Red Summer: The Danger and Madness of Commercial Salmon Fishing in Alaska is a vivid memoir of Bill Carter's four summers spent in grueling and exhilaratingly hard work as a commercial salmon fisherman in a remote Eskimo village in Alaska on the shores of Bristol Bay, that provides indelible portraits of the rugged individuals who are drawn to this work, particularly his crew-boss Sharon, who lives by the credo: do the work or leave. Certain to appeal to adventurers, environmentalists and armchair travelers, in the tradition of Jon Krakauer, Peter Matthiessen and Sebastian Junger, this is an honest and impassioned account of what it means to leave so-called civilization behind for a life on the extreme edge, full of danger, excitement and untold beauty.
"Red Summer' is about life at the extreme edge of the food chain, and nowhere is the food chain more violent, more awesome or more intense than in Egegik....This is the ugly side of commercial fishing that you don't see on the adrenaline-soaked Discovery Channel."—The New York Times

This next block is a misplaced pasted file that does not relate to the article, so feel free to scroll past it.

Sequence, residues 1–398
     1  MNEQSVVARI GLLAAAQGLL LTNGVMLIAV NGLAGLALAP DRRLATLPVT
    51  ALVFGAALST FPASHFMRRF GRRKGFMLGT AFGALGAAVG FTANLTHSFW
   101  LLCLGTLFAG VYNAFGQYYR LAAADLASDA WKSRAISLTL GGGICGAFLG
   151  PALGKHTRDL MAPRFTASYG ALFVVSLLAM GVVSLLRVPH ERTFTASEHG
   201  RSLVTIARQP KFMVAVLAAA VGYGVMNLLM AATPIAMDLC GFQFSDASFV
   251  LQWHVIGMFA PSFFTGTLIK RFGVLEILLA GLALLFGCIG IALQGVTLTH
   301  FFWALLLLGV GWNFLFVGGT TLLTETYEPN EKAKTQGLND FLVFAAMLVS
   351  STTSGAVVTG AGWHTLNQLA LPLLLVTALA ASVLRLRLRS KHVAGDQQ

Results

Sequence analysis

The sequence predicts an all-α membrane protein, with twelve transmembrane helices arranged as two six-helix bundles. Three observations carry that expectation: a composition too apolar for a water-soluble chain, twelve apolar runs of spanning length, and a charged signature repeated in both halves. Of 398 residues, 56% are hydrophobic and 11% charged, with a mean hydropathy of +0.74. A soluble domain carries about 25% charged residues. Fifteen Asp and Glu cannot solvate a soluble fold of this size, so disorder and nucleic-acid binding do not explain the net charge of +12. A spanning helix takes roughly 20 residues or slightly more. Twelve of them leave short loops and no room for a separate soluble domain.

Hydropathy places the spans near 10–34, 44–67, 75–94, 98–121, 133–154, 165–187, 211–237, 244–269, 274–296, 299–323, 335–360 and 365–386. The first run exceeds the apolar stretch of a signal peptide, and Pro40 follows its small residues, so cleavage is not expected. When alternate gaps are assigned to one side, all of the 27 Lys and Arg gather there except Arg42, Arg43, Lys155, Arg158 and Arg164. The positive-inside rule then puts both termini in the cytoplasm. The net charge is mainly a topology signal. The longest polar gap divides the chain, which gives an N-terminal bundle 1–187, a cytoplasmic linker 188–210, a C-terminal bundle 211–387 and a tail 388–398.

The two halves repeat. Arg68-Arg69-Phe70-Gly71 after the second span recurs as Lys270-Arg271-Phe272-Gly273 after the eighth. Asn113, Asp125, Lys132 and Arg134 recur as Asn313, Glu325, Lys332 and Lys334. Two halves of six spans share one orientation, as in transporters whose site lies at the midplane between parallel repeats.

"Carter simply gets everything right, from the damaged, broke, drunk fishermen with their carpal-tunnel-wracked arms to the sound of a thousand fish hitting a net at once."—Outside
"Go fall off the edge of the earth and you might just get to a place where life still throbs. This vivid and engaging book sketches the way to get home before we kill all hope of home. And the fishing ain't bad either."—Charles Bowden (Author, Down By The River: Drugs, Money, Murder and Family)